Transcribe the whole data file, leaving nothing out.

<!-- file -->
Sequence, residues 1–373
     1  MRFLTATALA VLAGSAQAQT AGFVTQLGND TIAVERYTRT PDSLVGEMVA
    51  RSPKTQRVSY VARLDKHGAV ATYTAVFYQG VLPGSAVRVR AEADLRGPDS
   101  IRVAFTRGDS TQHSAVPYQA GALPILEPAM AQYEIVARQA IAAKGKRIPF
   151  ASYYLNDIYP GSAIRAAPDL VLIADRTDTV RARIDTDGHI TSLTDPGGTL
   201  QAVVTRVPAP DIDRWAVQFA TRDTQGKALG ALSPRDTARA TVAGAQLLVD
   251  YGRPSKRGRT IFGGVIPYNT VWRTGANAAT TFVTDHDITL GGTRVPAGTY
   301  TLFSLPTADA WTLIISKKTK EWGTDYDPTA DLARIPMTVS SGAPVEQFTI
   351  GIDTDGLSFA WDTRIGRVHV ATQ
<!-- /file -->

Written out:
Sequence, residues 1–373
     1  MRFLTATALA VLAGSAQAQT AGFVTQLGND TIAVERYTRT PDSLVGEMVA
    51  RSPKTQRVSY VARLDKHGAV ATYTAVFYQG VLPGSAVRVR AEADLRGPDS
   101  IRVAFTRGDS TQHSAVPYQA GALPILEPAM AQYEIVARQA IAAKGKRIPF
   151  ASYYLNDIYP GSAIRAAPDL VLIADRTDTV RARIDTDGHI TSLTDPGGTL
   201  QAVVTRVPAP DIDRWAVQFA TRDTQGKALG ALSPRDTARA TVAGAQLLVD
   251  YGRPSKRGRT IFGGVIPYNT VWRTGANAAT TFVTDHDITL GGTRVPAGTY
   301  TLFSLPTADA WTLIISKKTK EWGTDYDPTA DLARIPMTVS SGAPVEQFTI
   351  GIDTDGLSFA WDTRIGRVHV ATQ